Russian President Vladimir Putin on Wednesday signed a law formalizing the absorption of four Ukrainian territories into the Russian Federation after the annexation was approved by both houses of Russia’s parliament.
The move means that the Russian-controlled areas in the Ukrainian oblasts of Kherson and Zaporizhzhia and the breakaway Donbas republics of Donetsk and Luhansk (DPR & LPR) are now part of Russia in the eyes of Moscow.
The document signed by Putin said that Russia’s new borders in the regions will be determined by what borders “existed on the day of their formation and admission into the Russian Federation.”
Putin’s signing of the documents comes as Ukraine continues to make gains in its southern Kherson offensive. Over the past few days, Russian forces have retreated from areas in Kherson and also in eastern regions as Ukraine continues to mount counteroffensives.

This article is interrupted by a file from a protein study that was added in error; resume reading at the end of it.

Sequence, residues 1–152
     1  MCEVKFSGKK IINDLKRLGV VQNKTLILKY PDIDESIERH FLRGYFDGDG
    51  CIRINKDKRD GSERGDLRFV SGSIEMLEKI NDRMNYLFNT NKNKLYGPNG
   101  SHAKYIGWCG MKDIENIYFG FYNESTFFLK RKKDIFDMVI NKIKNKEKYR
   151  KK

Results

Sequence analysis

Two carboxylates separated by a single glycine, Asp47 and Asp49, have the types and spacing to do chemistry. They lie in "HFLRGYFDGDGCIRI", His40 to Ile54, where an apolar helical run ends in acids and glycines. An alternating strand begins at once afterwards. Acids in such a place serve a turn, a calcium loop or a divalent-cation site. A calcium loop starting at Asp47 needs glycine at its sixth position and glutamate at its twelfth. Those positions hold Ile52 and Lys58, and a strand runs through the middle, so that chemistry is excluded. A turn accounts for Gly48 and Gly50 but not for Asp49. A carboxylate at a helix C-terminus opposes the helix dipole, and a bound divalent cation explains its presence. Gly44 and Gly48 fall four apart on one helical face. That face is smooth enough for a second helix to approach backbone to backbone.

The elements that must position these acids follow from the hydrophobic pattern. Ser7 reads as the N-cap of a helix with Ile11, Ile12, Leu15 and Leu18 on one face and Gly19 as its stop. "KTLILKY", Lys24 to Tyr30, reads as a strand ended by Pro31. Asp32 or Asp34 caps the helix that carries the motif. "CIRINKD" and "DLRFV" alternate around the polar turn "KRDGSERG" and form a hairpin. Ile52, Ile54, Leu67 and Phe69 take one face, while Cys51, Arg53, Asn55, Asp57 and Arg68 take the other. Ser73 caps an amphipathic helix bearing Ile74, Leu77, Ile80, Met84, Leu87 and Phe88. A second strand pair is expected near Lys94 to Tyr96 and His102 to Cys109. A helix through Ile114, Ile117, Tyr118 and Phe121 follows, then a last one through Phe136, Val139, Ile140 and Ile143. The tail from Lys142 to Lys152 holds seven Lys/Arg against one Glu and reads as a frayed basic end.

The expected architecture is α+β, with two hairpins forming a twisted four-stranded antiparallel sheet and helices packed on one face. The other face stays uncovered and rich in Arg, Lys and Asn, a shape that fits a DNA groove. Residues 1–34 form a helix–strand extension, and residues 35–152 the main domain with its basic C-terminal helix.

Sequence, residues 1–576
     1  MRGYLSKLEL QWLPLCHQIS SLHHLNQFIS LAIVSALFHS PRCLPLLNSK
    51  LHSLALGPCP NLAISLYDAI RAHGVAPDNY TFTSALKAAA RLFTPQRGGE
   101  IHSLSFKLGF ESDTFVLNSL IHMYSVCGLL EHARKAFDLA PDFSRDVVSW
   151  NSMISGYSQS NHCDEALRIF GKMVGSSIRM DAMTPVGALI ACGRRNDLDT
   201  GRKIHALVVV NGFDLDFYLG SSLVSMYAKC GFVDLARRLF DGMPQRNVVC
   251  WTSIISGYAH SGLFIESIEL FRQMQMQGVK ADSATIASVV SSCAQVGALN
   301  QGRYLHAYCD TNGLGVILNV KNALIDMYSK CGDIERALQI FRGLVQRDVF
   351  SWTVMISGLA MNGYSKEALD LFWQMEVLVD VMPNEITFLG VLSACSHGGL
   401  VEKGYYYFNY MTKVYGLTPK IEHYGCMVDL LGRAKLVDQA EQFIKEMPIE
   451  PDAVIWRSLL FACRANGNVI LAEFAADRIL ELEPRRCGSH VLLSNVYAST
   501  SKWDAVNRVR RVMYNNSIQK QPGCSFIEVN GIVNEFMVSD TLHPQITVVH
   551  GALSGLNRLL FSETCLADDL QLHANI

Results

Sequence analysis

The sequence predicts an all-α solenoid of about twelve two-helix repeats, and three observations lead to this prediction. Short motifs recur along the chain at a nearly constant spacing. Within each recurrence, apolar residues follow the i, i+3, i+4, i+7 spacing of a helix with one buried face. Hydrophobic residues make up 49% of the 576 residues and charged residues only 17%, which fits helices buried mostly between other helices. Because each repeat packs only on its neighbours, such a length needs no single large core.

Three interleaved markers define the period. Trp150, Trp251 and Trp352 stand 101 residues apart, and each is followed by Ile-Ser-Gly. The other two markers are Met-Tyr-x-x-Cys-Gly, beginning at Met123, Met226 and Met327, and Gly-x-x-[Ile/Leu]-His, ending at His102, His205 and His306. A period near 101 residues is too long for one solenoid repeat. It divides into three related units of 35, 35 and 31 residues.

Kremlin spokesman Dmitry Peskov was asked if there was a contradiction between Putin signing the documents and the reality on the ground in Ukraine and said that Russia would recapture the territory.
“There is no contradiction here. They will be with Russia forever, they will be retaken,” he said.
Russia is sending reinforcements into Ukraine after Putin ordered the mobilization of 300,000 troops but still hasn’t formally changed the label of its war in Ukraine from a “special military operation” to a full-scale war or counterterrorism operation.
When asked about a potential change in Russia’s military operation, Peskov said, “So far, no such decisions have been made. Only the continuation of the special military operation is on the agenda.”
The annexation means that Russia now considers Ukraine’s counteroffensives as attacks on Russian territory. Putin has reminded the West that Russia would use all of the weapons at its disposal to defend its “territorial integrity,” including nuclear weapons. Despite the risk of escalation, the US has shown no sign of backing down on its support for Ukraine.